We are a commune of inquiring, skeptical, politically centrist, capitalist, anglophile, traditionalist New England Yankee humans, humanoids, and animals with many interests beyond and above politics. Each of us has had a high-school education (or GED), but all had ADD so didn't pay attention very well, especially the dogs. Each one of us does "try my best to be just like I am," and none of us enjoys working for others, including for Maggie, from whom we receive neither a nickel nor a dime. Freedom from nags, cranks, government, do-gooders, control-freaks and idiots is all that we ask for.
Like some (or many) of Maggie's readers and contributors, my family and I were bedeviled the past two weeks by Sandy and a freak winter storm. We encountered Sandy after returning from a visit with my son, who is in Ohio at college. While we were in Ohio, we picked up flashlights, batteries and other odds and ends, having been forewarned that these items were sold out already in New Jersey.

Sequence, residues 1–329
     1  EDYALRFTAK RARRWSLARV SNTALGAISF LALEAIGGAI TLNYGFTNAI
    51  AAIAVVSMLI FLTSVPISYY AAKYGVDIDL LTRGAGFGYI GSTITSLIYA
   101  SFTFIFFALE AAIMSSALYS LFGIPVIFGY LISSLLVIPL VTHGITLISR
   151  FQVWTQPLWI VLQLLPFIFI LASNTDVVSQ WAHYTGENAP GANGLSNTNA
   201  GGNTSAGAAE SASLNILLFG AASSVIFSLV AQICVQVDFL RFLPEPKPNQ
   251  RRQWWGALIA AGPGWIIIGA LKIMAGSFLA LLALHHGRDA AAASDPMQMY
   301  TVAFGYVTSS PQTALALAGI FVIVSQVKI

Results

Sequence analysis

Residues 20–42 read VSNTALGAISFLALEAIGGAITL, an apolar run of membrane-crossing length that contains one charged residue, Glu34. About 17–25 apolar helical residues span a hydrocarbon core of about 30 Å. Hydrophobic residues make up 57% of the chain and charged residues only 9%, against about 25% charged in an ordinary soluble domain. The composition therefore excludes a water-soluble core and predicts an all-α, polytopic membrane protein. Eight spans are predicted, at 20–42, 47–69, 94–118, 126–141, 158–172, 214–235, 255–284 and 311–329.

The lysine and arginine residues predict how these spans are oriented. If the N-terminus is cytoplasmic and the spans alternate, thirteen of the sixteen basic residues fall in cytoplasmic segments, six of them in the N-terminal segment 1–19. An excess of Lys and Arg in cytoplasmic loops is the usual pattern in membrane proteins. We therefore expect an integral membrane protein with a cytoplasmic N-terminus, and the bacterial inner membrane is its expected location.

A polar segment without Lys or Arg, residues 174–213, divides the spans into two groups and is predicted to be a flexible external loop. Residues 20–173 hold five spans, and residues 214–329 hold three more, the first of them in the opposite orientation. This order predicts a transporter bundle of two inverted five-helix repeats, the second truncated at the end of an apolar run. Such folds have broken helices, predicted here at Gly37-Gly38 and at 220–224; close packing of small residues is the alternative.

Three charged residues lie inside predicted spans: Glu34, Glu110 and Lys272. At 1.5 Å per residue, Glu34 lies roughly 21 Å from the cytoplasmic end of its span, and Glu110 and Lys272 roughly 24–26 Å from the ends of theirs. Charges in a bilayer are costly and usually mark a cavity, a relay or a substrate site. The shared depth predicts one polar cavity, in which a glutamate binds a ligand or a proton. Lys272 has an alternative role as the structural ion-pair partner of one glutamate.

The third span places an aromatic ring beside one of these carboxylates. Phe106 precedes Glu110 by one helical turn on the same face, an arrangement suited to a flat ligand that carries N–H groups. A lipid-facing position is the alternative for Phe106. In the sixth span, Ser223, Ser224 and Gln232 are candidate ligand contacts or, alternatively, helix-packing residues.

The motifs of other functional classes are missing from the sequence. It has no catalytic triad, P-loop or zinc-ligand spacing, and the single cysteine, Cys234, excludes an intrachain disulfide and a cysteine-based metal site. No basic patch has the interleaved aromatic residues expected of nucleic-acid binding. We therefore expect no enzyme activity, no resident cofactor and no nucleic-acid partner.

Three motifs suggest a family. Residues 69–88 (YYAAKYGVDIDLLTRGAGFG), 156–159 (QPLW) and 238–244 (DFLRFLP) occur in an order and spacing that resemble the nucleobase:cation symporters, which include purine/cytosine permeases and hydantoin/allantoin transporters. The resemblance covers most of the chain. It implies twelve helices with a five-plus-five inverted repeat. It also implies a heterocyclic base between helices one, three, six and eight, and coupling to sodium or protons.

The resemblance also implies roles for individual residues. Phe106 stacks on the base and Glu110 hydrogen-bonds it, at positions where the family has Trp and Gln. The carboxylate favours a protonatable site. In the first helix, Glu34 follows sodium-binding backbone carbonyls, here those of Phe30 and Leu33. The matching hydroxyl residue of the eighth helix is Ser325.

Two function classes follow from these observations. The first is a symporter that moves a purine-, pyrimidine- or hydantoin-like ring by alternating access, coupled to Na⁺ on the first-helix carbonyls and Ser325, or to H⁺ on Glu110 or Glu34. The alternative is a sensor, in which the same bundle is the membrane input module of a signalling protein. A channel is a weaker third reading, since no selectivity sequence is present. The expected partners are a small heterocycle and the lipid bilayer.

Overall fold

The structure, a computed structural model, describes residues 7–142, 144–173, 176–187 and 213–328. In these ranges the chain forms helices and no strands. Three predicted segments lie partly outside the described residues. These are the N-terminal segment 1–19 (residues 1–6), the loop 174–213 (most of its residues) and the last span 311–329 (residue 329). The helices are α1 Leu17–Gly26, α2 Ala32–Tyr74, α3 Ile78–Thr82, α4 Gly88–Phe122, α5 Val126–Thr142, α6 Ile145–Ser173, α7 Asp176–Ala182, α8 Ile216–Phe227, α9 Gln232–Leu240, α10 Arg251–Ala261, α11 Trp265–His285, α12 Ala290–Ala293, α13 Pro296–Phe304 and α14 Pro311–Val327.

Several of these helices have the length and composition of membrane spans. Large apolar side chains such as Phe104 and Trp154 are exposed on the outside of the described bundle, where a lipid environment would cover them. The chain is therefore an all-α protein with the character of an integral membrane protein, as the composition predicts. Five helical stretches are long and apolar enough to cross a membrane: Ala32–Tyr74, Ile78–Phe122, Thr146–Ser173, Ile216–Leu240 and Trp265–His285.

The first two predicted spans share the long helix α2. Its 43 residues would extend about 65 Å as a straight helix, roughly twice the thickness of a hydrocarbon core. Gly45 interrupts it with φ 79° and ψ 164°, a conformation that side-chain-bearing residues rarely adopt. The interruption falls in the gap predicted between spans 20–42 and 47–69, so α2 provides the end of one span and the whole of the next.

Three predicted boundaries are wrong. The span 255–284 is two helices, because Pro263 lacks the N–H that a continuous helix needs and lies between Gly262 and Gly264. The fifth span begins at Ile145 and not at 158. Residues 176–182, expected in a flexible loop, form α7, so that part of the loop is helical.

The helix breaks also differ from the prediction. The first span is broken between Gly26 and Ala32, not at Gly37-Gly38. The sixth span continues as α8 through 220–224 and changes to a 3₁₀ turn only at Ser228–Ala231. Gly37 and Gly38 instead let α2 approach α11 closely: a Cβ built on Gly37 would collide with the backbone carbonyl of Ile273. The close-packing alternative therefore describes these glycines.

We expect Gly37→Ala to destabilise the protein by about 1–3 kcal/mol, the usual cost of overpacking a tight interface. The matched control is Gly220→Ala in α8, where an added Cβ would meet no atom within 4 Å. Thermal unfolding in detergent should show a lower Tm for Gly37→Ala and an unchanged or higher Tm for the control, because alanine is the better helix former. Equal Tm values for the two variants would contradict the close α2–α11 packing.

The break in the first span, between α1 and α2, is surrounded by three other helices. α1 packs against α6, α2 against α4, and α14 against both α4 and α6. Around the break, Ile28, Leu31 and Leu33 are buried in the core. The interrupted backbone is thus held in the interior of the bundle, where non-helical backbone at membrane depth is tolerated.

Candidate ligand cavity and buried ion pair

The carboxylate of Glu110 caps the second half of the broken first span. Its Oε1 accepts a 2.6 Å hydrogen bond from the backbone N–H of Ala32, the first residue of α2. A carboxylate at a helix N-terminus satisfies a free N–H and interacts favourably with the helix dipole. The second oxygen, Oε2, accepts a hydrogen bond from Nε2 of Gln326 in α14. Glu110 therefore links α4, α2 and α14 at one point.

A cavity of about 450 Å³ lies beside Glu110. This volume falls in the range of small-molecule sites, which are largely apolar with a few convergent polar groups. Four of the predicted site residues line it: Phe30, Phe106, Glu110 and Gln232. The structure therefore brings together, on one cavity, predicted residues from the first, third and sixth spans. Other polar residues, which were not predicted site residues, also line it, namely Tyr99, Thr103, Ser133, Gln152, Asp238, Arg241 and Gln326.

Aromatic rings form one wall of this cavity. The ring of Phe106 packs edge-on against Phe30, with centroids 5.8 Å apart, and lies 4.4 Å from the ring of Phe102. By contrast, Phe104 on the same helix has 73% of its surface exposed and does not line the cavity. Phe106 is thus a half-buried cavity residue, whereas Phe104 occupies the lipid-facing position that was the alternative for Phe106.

On the drive from Ohio back to NJ we were surprised to see so many trucks from utility companies. All were headed toward the storm, making my "it's all hype" attitude shift toward one of "what do they know that I don't? I sure am glad they are taking this seriously."
In July, I wrote about how we take some things for granted, and the mindset of progress. I wrote it after a storm which made me think about why we put so much effort into clean-ups. After Sandy, I'll double down on what I wrote, because there are attitudes which are geared toward productivity and those which are not. Productive people prepare for the worst, and then begin to build as soon as the worst has past. What I saw, within 24 hours of the storm, was virtually every house on my block clearing debris off their yards to prepare for pickup by the Department of Public Works. Several of us took it a step further and started making runs down to the Conservation Center instead of waiting for DPW. I was amazed at how quickly all of us put our minds toward moving past the storm. As concerned as we were with the lack of power, there were bigger issues to deal with, both at that moment and in the days ahead.